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© 2024 N. Dean Meyer and Associates Inc.
Excerpt from www.NDMA.COM, © 2024 N. Dean Meyer and Associates Inc.

Book: Principle-based Organizational Structure

Analysis: Why Great People Alone Aren't Enough

why great people in a bad organizational structure will fail

by N. Dean Meyer

Some argue that structure isn't all that important, and that success depends simply on hiring and developing great people who work hard, work well together, and "do what's right" for the organization.

Book: Principle-based Organizational Structure

This line of thinking leads them to design organizational structures around the unique talents or career needs of key executives.

There are at least three reasons why this is a bad idea:

  1. You have to restructure the organization whenever anyone changes jobs. Otherwise, successive managers with their own unique talents will find those carefully tailored jobs impossible to fill.

    Of course, each restructuring is disruptive and expensive. And since repeated reorganizations do little to improve the organization's effectiveness, they reinforce the belief that structure doesn't matter -- a self-fulfilling prophecy.

  2. Structures designed without consideration for the science of structure depend on leadership teams that work so well together that structure indeed doesn't matter. It requires that people look past their own job descriptions and personal interests for the good of the organization.

    This altruism isn't natural; and it certainly isn't a reliable process. These organizations are fragile. They require a charismatic leader, and a tightly knit and dedicated leadership team. They generally fall apart when the executive who created the team or any of its key members leave (or just get tired).

  3. Designing an organization that depends on everyone being "great" is impractical.

    Sure, great people are, well, great. But an organization that depends on everyone being above average is difficult to staff because you can't always afford the best, or they may not be available. Also, it's limited in its scalability because you can only hire so many super-achievers.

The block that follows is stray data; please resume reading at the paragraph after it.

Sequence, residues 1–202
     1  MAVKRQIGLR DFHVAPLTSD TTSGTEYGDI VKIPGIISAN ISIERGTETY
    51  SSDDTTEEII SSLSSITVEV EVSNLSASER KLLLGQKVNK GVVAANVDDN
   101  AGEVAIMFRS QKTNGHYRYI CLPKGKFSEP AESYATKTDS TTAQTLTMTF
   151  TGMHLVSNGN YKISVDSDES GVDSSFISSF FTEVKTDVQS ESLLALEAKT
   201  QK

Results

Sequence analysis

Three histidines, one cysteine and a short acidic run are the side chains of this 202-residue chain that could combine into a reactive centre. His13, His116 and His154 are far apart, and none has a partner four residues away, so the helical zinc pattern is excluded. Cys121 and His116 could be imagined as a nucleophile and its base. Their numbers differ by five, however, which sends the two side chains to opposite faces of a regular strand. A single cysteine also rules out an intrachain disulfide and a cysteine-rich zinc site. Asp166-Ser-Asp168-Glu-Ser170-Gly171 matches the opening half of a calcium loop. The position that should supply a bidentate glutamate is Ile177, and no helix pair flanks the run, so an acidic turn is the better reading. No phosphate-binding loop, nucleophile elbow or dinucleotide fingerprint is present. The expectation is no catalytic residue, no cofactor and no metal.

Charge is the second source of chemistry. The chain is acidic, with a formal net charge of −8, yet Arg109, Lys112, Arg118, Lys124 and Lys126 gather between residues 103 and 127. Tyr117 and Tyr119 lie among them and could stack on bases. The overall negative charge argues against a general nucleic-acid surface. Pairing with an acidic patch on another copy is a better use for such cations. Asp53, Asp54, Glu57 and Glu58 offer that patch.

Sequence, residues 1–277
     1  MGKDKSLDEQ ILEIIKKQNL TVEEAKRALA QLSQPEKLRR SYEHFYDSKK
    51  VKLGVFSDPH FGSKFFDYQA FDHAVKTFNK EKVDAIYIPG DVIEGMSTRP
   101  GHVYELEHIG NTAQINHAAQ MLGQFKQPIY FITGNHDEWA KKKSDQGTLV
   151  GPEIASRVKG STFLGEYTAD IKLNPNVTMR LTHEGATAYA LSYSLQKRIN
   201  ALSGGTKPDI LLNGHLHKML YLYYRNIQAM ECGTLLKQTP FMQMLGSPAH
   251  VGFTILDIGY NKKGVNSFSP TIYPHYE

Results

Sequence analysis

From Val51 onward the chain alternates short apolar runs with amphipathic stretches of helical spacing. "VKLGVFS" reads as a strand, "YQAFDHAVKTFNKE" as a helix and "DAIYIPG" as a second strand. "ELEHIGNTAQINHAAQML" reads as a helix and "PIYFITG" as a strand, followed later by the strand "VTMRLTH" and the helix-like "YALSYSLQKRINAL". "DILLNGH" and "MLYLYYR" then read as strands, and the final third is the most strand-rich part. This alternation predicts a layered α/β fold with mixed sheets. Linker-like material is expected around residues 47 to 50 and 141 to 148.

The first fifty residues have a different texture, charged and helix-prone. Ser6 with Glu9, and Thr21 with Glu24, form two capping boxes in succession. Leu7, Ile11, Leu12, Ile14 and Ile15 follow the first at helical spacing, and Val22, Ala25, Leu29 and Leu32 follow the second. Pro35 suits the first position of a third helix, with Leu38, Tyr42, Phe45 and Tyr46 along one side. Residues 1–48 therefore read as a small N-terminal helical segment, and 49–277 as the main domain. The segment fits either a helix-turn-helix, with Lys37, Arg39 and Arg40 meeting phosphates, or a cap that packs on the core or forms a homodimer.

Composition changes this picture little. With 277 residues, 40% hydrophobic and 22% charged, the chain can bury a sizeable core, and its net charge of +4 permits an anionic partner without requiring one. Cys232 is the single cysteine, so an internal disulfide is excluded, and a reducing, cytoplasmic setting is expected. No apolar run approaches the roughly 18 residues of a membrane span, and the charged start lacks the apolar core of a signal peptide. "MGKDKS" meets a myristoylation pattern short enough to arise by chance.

It's true that great people can overcome any structural problems. Well, let me be more specific.... It's possible for superior people who work well with their peers, who are motivated by an excellent leader, and who are willing to work long hours and to set aside their own best interests (and those of their staff) to do what's best for the organization, can overcome most structural dysfunctions.

But if the structure is poorly designed, an inordinate amount of leaders' time, energy, and goodwill is spent resolving confusion and friction rather than doing real work. Wouldn't you rather your great people focus their precious time and energies on achieving great things, than spend it dealing with self-imposed obstacles which can (and should) be fixed?

The truth is, great people in a bad structure will fail, or at least not perform to their potential. Here are four reasons why:

  • Overlapping domains: Managers with overlapping territories are paid to compete with one another. The stronger the talent, the more intense the in-fighting.

  • Conflicts of interests: A manager whose job is to keep things running and also to innovation is paid to go in two opposing directions. They may succeed at one, and fail at the other; but the right balance of opposing objectives is unlikely.

  • Impossible jobs: If you expect a person to be excellent at too many different professions, he/she may be mediocre at all, or may win at one and perform poorly at the rest. People can only be world class at one thing at a time.

  • Disempowerment: Manager A's job is to oversee manager B, and decide how B performs his/her work. You can't hold B accountable for results, when A is may be directing him/her to do things badly.

On the other hand, a normal bell-curve of people in a healthy structure can succeed.

Great people and a team spirit are, of course, wonderful. But they alone don't make an organization perform well. Great organizations are, by design, those where average people can succeed, and super-achievers can super-succeed.


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